If I ask you to think of a famous nude painting, you will more than likely imagine a painting of a woman who is nude or nearly nude. Maybe Sandro Botticelli’s masterful “The Birth of Venus”, a full-figured body by Rubens or even Picasso’s “Les Demoiselles d’Avignon” come to mind. This makes sense because throughout the history of art the female body has been portrayed more often than the male body in the nude format. The latest exhibition at the Ludwig Museum of Contemporary Art in Budapest, however, is focusing on the exact opposite, the male nude.
Before Playboy or nude photographs, there existed many titillating images of women barely dressed or completely undressed and these hung in the homes of the wealthiest patrons in plain view. These were acceptable for display in their salons and studies because of their mythological or religious subject matter. Mythological figures include Danae who is showered with gold coins or Venus who is often depicted brushing her hair or looking in the mirror. Religious figures include Bathsheba bathing or Susanna being spied upon by the elders. These women are depicted in a voyeuristic way, as they seem unaware of being watched. The female nude later became a subject matter in its own right that artists tried faithfully to capture on canvas and in stone or bronze. These works usually have what is termed a “male gaze”.
In classical antiquity the male body was a subject matter that was thoroughly explored. Later, however, the male body was mostly out of sight, usually hidden in full clothing or even armor, with the exception of a few mythological images or Christian martyrs.
This fascinating exhibition is going to explore the reasons for this change, including how the role of men adapted and other sociological reasons, by examining the works of art that depict the male body. It will look at how male artists depict their own bodies and what this reflects. And it will examine how women artists depict the male nude (the “female gaze”), something which has only been possible in more recent times since women artists were often barred from access to nude models in the past.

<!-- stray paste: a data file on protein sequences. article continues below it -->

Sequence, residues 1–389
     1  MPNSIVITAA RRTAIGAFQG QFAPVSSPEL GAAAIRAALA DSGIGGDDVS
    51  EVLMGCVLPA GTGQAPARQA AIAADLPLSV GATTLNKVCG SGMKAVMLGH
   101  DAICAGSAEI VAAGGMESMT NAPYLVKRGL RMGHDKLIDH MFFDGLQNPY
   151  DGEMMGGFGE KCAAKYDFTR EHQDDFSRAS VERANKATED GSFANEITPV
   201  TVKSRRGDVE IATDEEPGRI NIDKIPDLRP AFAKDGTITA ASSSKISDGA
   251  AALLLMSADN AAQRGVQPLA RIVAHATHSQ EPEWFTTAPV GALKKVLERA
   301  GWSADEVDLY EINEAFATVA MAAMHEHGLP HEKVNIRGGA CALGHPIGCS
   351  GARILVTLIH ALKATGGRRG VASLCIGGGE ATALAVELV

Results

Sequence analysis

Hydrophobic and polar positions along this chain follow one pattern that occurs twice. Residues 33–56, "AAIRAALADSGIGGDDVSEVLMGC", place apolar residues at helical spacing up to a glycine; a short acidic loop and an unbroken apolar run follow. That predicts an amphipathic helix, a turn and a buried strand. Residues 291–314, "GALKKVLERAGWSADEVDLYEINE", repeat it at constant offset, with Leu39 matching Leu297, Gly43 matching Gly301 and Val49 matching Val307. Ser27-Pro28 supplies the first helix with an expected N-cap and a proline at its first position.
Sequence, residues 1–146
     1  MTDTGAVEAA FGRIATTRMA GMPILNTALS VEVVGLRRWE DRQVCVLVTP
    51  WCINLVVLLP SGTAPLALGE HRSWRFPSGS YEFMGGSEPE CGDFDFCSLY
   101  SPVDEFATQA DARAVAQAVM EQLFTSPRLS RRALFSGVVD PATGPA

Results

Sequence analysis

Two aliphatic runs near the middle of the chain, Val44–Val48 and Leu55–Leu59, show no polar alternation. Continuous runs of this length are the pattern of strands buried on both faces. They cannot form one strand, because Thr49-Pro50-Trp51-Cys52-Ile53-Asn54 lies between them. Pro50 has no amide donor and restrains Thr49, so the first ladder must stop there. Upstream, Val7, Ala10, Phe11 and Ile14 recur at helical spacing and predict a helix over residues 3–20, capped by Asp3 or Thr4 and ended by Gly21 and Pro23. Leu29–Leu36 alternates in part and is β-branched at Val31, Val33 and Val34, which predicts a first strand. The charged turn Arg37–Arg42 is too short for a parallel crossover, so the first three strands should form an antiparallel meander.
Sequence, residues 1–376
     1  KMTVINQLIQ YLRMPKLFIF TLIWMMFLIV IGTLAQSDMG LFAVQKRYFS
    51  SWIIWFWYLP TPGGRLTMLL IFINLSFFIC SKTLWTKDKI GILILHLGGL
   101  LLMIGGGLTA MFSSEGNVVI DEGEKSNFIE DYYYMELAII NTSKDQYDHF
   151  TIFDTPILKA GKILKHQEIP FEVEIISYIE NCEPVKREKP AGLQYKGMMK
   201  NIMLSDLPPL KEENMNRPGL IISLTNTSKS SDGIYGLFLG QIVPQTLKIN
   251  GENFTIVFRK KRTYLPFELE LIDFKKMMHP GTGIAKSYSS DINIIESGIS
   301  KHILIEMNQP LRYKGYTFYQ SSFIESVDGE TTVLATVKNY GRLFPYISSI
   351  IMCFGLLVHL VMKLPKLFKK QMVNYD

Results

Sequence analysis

Beginning about 1900 in turn-of-the-century Vienna, the exhibition then continues through the 20th and 21st centuries examining the way the artists own identities and their relationship to the model changed. Eventually, the male nude also gains footing as an erotic image and one that can be viewed with a “gaze of desire”.
Works by artists such as Egon Schiele, Lovis Corinth, Erich Heckel, Robert Mapplethorpe, Oskar Kokoschka, Louise Bourgeois, Eduard Munch, David Hockney, Andy Warhol, and Gilbert & George will be included in the exhibition.
“The Naked Man” exhibition is possible in cooperation with the LENTOS Kunstmuseum Linz, who hosted an exhibition prior to this one. The Ludwig Museum of Budapest’s exhibition will incorporate more works by Central and Eastern European artists. It can be seen until June 30.
The Ludwig Museum is open Tuesday through Sunday from 10 am until 6 pm. It is located at Komor Marcell u. 1 and can be reached by metro and bus (see the website for more details).
Find cheap apartments in Budapest and take the train or bus to the Ludwig Museum to see this enthralling exhibition.